Archive for ‘consumption’

08/03/2019

China Focus: China to ramp up efforts to provide better elderly care

BEIJING, March 7 (Xinhua) — As China is faced with a growing aging population, the government has pledged to provide better elderly care services and facilities for the silver-haired, and give a strong boost to domestic demand.

Elderly care remains high on the agenda in this year’s government work report, which said that significant steps would be taken to develop elderly care, especially community elderly care services.

The number of people in China aged 60 and above reached 250 million by the end of 2018, accounting for 17.9 percent of the country’s population.

“Growing demand will trigger greater market potential in China’s senior care industry,” said Tang Wenxiang, founder of Fullcheer Group, a major elderly care services provider based in Changsha, capital of central China’s Hunan Province.

Fullcheer Group has 50 branches in more than 10 provinces and cities with a total of 5,000 beds. Tang expects the number of his company’s beds to increase to 50,000 in five years.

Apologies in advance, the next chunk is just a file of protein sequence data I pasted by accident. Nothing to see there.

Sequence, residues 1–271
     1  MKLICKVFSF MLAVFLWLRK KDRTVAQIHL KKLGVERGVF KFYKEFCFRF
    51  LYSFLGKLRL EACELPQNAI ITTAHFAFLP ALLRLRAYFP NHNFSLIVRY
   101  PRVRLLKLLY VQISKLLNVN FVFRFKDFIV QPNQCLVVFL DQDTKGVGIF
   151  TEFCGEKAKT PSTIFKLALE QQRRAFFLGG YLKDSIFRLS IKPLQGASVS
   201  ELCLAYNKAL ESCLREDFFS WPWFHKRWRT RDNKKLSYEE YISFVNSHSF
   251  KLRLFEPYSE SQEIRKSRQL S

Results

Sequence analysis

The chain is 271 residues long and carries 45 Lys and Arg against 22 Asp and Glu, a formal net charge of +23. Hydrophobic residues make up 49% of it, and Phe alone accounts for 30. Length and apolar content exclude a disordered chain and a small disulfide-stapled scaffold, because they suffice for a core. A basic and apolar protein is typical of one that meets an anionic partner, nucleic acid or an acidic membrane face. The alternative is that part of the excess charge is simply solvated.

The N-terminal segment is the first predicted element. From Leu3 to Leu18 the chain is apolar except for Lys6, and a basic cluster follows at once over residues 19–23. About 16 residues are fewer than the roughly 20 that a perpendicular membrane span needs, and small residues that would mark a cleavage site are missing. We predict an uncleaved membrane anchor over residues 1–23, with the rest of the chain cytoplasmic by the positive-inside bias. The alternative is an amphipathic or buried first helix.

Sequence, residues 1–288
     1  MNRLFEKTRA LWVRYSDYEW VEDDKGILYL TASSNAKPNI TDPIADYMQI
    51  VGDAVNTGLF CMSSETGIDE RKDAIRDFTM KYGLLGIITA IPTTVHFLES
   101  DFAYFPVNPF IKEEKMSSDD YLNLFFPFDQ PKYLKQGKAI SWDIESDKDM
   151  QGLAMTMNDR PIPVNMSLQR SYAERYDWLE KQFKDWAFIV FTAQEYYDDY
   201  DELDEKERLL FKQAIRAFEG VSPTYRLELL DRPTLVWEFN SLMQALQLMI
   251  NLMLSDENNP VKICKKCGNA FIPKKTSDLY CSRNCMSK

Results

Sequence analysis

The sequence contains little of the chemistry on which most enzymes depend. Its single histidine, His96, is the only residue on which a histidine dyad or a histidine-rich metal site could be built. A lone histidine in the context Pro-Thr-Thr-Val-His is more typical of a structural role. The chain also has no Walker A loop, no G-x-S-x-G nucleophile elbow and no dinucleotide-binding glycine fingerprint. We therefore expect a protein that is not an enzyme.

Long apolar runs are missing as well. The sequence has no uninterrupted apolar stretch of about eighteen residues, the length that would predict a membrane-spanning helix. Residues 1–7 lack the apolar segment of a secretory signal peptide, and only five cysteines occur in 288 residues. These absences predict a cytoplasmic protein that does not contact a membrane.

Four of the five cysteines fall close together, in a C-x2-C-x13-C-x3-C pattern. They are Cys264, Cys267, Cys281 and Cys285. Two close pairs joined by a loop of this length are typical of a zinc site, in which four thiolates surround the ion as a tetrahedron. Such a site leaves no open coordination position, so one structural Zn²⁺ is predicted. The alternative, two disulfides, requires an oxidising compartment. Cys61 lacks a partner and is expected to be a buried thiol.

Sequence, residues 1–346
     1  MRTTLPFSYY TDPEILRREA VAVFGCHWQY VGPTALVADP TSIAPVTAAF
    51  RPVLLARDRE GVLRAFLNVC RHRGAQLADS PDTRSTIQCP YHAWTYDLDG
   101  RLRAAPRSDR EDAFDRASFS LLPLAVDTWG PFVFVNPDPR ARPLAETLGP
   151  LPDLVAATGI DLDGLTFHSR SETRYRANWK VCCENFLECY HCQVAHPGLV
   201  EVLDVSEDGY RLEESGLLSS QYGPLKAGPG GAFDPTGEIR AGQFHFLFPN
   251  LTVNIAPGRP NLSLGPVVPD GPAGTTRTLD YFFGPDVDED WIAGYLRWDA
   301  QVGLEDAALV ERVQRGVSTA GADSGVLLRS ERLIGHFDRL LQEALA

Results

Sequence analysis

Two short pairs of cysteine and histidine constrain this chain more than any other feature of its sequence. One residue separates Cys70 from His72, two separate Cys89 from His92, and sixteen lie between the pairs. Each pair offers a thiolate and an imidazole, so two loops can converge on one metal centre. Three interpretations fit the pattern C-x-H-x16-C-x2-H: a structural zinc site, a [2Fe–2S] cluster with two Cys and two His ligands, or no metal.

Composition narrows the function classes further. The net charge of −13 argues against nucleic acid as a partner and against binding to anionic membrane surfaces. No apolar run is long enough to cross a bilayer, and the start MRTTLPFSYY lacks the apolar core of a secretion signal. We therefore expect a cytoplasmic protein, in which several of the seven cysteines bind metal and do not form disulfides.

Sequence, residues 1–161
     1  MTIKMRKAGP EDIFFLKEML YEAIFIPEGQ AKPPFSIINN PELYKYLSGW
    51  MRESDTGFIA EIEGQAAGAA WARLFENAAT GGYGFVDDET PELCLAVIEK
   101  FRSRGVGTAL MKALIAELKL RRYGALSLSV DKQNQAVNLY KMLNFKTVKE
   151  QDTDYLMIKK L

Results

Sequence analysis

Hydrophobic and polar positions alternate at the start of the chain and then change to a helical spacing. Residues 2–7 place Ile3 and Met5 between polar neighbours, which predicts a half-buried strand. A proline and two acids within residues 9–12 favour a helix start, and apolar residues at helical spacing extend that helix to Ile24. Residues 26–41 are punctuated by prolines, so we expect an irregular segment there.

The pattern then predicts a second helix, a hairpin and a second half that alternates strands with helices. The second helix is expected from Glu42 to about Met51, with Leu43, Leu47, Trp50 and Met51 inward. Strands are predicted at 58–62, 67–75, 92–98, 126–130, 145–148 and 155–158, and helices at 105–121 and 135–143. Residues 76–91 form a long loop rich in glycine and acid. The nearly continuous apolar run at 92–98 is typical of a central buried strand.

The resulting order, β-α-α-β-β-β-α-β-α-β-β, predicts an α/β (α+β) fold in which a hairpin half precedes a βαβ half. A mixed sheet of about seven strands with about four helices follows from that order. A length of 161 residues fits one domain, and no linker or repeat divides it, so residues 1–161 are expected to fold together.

“There is still a huge gap between the demand of China’s aging population and the number of elder care facilities,” Tang said.

The country will provide support to institutions offering services in the community like day care, rehabilitation care, and assisted meal services and outdoor fitness services using measures such as tax and fee cuts and exemptions, funding support, and lower charges for water, electricity, gas and heating, according to the government work report.

Tang said government’s measures to develop elderly care services greatly boosted the confidence of entrepreneurs who run businesses in the sector.

Developing the elderly care industry is good for improving people’s well-being and stimulating consumption, said Xu Hongcai, an economist with the China Center for International Economic Exchanges.

“Consumption on elderly care requires the supply of the elder care market, offered by both the government and the market,” he said.

A research report issued by Guolian Securities suggests that a string of policies have been carried out in China to encourage the participation of the social sector in the senior care industry, which will boost the country’s consumption in the health and medical sectors.

As China opens this sector, foreign firms such as France’s Orpea and Japan’s Nichii have tapped the elderly service market in China.